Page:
In August 1982, Frank Johnson, a widowed Huyton businessman, was drinking in the Stanley Arms pub on Roby Road one Saturday afternoon, and he felt so down in the dumps.
He sat there, gazing into the slowly vanishing froth of his newly-pulled pint as he thought of his late wife Marguerite.
It was coming up to that awful anniversary of her death; three years ago she had been having an affair with Frank’s closest friend Roy, when the car they were in skidded in a downpour one night and crashed, killing the two of them.
Marguerite had walked out on him without a word of explanation a week before, and he’d had the job of identifying her body.
He hadn’t dated anyone since then because he had a habit of comparing every woman to Marguerite; she’d been beautiful and intelligent and Frank believed he’d never meet anyone like her again.
Someone patted Frank’s shaven head, startling him.
“Sitting there with your mouth open like a frog in a brown study!” came a familiar voice from behind Frank. It was Jimmy, Frank’s friend from his school days.
He tried to pull Frank out of his depression and pointless reminiscences, and suggested going on a long holiday to Florida.
Frank said Florida had been Marguerite’s favourite holiday destination so he couldn’t bring himself to go there. Instead, Frank decided to fly down to Altea on the Costa Blanca for a fortnight, and Jimmy was very surprised at his friend taking up his suggestion.
Two days after Frank had arrived at Altea he decided to go and have a drink on the veranda. Through binoculars Frank had a look at the sparkling bay of the coastal resort and its picturesque labyrinth of streets, all of whitewashed houses and the odd chapel when two people caught his eye on the veranda of a hotel about 120 yards away.
He doubted his senses for a moment and thought he was dreaming, but the woman he could see was, without a shadow of a doubt, his late wife Marguerite and the man with her – although he wore shades – was Roy!
They’d been killed in that car crash three years back.
Frank took the binoculars from his eyes and started to worry about his sanity. He took another look, and he saw it really was Marguerite and Roy.
Had they somehow faked their deaths to start a new life in Spain?
Frank watched them for about fifteen minutes until they left the veranda and went into their hotel room. The temperature was in the seventies and yet Frank went cold inside.
He got on his room telephone and asked the receptionist to place a call to Liverpool.
The phone in Jimmy’s Huyton home rang and he answered it. When he heard what Frank had to say, he said: “Frank, you identified your wife at the morgue. She’s dead.
You’ve just seen someone who looks like her.’
“Jimmy I’d bet my-life savings on you being wrong” said Frank, “I was married to Marguerite for twelve years and it’s her, and it’s Roy, and I don’t know how they did it, but they’re alive and well, and I don’t know whether to tell the police or a solicitor or the damned Spanish Interior Ministry, but I’m going over to their hotel to get some answers.”
“Frank, unless you believe in ghosts, and ghosts that take holidays at that, I’d drop this now,” advised a concerned-sounding Jimmy, “or it’s going to get you into a heap of trouble.”
But Frank couldn’t drop it. He started hanging round outside the hotel, watching through sunglasses from under a trilby, and days after he had first spotted them through his binoculars, they walked out the hotel and passed within six feet of him – two supposedly dead people who looked very tanned and healthy.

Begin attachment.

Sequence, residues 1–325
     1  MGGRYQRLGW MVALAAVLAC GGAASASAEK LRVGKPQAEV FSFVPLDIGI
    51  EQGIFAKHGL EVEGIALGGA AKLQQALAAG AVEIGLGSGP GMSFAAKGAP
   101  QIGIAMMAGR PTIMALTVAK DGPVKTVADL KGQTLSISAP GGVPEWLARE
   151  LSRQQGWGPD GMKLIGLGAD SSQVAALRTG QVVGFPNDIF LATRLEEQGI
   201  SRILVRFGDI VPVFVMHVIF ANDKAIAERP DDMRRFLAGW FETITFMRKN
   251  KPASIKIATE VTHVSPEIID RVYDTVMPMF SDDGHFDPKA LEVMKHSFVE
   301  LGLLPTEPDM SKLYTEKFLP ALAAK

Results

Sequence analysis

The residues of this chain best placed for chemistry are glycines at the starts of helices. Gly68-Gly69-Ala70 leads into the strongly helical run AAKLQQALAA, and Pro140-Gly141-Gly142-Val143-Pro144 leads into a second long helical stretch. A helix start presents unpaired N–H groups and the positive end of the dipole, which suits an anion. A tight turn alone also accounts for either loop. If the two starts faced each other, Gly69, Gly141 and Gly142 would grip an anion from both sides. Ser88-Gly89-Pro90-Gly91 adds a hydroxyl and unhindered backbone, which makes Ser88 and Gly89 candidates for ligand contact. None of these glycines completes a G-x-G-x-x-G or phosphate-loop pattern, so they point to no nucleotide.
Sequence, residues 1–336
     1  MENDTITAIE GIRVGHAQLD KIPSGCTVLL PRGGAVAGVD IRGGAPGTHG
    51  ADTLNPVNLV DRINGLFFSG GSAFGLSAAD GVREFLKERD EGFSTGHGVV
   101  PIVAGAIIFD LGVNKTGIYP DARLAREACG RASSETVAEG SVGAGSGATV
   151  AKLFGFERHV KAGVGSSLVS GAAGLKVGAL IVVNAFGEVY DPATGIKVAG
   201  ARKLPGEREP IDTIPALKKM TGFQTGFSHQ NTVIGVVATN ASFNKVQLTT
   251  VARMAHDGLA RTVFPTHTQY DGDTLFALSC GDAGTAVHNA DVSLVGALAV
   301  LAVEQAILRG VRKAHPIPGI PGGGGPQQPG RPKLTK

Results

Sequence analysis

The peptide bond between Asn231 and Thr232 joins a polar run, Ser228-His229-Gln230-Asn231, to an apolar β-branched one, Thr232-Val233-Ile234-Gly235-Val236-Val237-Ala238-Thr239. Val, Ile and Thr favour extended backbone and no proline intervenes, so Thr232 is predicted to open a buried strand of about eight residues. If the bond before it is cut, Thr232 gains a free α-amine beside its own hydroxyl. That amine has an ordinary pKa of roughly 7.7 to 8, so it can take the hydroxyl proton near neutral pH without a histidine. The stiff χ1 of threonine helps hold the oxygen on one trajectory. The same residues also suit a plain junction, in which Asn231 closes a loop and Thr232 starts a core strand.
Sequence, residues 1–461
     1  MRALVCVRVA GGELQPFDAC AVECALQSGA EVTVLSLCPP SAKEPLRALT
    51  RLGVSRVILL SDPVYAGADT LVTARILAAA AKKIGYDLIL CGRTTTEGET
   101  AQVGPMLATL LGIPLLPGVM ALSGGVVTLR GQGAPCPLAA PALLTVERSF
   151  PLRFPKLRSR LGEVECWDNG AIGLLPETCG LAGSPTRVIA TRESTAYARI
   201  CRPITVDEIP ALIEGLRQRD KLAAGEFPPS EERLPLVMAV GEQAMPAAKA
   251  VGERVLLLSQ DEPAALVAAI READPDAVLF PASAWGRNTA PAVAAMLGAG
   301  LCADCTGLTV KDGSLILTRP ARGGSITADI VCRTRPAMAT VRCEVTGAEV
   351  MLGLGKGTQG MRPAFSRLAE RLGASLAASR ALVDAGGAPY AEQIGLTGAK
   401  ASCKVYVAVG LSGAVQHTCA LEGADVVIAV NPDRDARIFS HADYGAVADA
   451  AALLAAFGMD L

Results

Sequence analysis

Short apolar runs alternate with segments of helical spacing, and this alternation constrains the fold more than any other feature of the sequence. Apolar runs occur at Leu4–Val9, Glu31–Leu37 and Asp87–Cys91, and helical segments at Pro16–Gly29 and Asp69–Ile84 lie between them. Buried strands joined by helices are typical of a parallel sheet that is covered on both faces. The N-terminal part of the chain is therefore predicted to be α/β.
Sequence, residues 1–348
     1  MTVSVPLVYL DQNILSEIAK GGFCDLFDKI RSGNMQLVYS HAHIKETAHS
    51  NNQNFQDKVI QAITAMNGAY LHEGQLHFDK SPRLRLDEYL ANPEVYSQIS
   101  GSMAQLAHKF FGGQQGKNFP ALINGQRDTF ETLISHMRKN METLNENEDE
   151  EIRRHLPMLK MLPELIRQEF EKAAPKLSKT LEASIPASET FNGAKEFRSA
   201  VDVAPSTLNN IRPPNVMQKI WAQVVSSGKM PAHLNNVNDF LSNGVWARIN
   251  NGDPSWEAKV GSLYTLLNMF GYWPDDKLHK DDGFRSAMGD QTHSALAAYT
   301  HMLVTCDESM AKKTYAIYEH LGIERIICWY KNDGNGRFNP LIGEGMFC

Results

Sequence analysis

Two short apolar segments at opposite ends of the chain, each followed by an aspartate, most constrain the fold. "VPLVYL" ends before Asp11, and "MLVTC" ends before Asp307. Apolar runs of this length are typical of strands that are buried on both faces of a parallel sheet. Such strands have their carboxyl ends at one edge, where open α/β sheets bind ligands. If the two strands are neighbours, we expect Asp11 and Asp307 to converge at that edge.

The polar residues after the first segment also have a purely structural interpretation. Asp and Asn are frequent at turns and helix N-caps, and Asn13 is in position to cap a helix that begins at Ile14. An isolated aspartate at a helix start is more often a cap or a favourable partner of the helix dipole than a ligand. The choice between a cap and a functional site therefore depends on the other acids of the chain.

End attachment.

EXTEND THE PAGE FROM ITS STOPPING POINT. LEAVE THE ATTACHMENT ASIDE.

Frank tried to follow them but they jumped in a cab. He went to their hotel and offered the receptionist ten thousand pesetas to tell him who the couple were who had just left, and Frank described them.
He discovered they were booked in under the names Roy Ortiz and Marguerite Appleton. They were both English and had been staying at the hotel for a week.
Frank returned to his hotel and grabbed his camera, and then he went back to the hotel were his – resurrected – wife and her lover were staying.
Frank sipped numerous Martinis in the lounge, and the couple came in two hours later. Frank shouted to them: “Say cheese! and took a flash photograph.”
The acted as if they didn’t know who he was; all puzzled expressions and up and down glances cast at him.
“For two people who have been pushing up the daisies for three years, I must say you’re both looking remarkably well!” yelled a tipsy Frank.
When the couple walked on, Frank swung his fist at Roy, but missed, and fell.
Within minutes the hotel manager called the police and Frank was taken away, charged with being drunk and disorderly, and he made his way back to his hotel the next day after drying out in the police cells.
His hangover was so bad, he went to bed, but two figures appeared in his hotel room.
It was Marguerite and Roy – at least that’s what Frank thought.
In an unearthly weird voice, Roy said he was not human, and that he and this other one had been using the identities of two people who had died for certain reasons.
“You must tell no one about us or we’ll kill you,” said the man, and the figures vanished, along with the camera they’d been snapped with.
They were never seen again. Were they aliens in disguise? Frank remains perplexed to this day.
Author: Tom Slemen, who is a Liverpool writer, known foremostly as the author of the best-selling Haunted Liverpool series of books which document paranormal incidents and unsolved or unusual crimes. Check his Books on Amazon here.
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